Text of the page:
'Tis not contrary to reason to prefer the destruction of the whole world to the scratching of my finger.Bloom uses the quote to make the point that babies have to have emotional reactions to good and bad, fair and unfair, before they can develop into moral adults. Reason won't suffice to put them on that path. "To have a genuinely moral system, in other words, some things first have to matter, and what we see in babies is the development of mattering."
OK, so other people's problems don't start to matter to us unless we have the right rudimentary responses, which appear to be innate. If that's so, must it really be true that reason plays no role in allocating concern so the whole world's destruction matters more than a finger scratch? Bloom actually gives a non-Humean nod to reason later in the article.
The notion at the core of any mature morality is that of impartiality. If you are asked to justify your actions, and you say, “Because I wanted to,” this is just an expression of selfish desire. But explanations like “It was my turn” or “It’s my fair share” are potentially moral, because they imply that anyone else in the same situation could have done the same. This is the sort of argument that could be convincing to a neutral observer and is at the foundation of standards of justice and law. The philosopher Peter Singer has pointed out that this notion of impartiality can be found in religious and philosophical systems of morality, from the golden rule in Christianity to the teachings of Confucius to the political philosopher John Rawls’s landmark theory of justice. This is an insight that emerges within communities of intelligent, deliberating and negotiating beings, and it can override our parochial impulses."Intelligent, deliberating and negotiating beings"are rational, right? And they do not prefer the destruction of the whole world to the scratching a finger! So Hume was a little bit right, but not entirely. He was right that moral thinking doesn't get started without moral reactions, but wrong that it's compatible with reason to care more about the scratch.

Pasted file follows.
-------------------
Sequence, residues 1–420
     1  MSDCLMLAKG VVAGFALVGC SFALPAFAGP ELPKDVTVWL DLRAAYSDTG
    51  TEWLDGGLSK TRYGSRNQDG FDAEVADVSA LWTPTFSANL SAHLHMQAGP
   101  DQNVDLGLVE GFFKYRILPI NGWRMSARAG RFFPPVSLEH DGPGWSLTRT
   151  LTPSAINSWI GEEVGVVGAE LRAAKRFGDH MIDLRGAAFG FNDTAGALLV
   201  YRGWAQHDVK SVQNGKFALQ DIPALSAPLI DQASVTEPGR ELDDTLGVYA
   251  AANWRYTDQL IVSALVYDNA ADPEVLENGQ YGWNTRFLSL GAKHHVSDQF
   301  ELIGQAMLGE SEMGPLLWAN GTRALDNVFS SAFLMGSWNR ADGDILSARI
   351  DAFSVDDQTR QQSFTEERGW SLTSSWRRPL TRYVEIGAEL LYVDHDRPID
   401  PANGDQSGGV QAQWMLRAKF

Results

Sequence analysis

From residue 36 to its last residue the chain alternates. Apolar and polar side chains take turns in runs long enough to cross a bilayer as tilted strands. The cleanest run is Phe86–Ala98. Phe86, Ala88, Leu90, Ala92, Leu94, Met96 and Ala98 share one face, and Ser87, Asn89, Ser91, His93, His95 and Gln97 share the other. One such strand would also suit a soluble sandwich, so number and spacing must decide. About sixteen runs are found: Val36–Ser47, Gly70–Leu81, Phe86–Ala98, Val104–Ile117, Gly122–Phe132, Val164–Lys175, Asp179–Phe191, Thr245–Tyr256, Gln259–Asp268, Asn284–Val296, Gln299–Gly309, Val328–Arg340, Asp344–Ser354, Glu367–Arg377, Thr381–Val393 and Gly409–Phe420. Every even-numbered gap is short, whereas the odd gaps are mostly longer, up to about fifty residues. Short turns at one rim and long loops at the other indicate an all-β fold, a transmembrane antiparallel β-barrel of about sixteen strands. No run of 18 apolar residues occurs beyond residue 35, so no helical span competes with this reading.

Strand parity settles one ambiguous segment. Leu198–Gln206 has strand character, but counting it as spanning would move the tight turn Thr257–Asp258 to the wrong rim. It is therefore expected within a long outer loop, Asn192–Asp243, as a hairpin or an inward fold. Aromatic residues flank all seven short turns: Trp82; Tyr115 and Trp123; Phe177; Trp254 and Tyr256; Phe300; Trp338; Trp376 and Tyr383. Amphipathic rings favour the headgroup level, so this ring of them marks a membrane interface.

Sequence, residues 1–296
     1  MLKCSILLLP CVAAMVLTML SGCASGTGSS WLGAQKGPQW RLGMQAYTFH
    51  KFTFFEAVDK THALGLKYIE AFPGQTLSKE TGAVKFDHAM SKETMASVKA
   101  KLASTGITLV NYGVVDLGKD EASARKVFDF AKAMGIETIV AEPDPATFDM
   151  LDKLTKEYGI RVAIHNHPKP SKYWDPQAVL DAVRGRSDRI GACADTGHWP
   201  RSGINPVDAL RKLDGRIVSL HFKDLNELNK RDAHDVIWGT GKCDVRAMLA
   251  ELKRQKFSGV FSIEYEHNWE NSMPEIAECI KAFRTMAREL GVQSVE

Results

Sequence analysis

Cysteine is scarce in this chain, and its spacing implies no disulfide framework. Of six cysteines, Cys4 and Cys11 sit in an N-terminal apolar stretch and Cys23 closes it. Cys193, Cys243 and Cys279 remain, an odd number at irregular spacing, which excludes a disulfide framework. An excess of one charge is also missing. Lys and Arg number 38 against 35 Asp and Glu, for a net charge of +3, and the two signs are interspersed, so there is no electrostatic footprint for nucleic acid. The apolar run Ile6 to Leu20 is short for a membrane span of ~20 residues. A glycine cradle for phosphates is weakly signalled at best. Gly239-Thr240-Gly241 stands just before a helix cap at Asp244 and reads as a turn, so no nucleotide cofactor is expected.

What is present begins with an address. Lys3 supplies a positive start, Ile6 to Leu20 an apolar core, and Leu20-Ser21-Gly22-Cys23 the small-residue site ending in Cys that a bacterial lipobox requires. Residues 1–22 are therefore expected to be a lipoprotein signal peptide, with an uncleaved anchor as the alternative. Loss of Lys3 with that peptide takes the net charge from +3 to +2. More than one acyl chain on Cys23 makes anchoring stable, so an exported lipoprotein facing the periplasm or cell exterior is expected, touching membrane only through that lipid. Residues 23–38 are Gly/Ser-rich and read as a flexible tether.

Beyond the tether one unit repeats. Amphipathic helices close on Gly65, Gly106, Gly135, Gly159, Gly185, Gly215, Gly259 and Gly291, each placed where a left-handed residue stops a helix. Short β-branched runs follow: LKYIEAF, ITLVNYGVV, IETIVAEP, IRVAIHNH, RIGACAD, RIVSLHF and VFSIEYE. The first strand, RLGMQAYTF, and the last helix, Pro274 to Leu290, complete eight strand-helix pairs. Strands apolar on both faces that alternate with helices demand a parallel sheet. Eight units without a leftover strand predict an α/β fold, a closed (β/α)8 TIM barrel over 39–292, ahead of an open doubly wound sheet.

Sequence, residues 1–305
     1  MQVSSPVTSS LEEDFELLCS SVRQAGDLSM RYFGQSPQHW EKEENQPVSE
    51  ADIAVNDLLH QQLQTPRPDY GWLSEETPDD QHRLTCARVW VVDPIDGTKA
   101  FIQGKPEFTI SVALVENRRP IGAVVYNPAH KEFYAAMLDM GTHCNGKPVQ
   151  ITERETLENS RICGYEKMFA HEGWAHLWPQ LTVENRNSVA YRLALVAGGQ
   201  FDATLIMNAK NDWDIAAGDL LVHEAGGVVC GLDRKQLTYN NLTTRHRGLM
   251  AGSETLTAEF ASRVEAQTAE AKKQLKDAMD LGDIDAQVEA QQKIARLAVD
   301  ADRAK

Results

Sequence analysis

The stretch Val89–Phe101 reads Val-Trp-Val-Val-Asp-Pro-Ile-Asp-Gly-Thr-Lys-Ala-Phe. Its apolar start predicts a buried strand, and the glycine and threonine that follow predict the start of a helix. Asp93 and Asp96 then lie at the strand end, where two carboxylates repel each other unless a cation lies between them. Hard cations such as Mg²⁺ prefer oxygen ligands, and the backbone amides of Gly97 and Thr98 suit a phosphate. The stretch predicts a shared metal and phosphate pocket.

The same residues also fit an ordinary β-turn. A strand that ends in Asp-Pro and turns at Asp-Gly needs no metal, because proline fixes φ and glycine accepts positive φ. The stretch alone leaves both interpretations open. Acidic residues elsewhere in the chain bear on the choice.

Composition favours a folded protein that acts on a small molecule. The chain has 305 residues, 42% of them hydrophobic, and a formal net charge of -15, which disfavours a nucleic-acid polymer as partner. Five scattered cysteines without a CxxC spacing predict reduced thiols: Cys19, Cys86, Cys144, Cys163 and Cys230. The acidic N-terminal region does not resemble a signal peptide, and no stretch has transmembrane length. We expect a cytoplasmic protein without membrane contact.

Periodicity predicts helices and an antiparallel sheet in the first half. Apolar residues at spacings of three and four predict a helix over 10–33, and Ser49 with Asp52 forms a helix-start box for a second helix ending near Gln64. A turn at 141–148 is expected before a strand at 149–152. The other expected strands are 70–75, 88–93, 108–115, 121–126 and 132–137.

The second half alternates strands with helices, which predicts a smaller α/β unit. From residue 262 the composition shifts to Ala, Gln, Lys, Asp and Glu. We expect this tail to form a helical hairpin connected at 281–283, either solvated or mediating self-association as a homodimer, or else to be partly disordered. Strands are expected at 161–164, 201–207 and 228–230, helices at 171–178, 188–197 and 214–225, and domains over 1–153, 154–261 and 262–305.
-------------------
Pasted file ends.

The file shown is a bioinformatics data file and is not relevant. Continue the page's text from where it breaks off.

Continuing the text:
Unfortunately, Bloom muddies the waters in the next paragraph--
The aspect of morality that we truly marvel at — its generality and universality — is the product of culture, not of biology. There is no need to posit divine intervention. A fully developed morality is the product of cultural development, of the accumulation of rational insight and hard-earned innovations. The morality we start off with is primitive, not merely in the obvious sense that it’s incomplete, but in the deeper sense that when individuals and societies aspire toward an enlightened morality — one in which all beings capable of reason and suffering are on an equal footing, where all people are equal — they are fighting with what children have from the get-go.A product of culture? Transmitted by culture, yes. That's got to be at least partly so. But culture doesn't make the "general" and "universal" aspect of morality, if we come to it through "rational insight."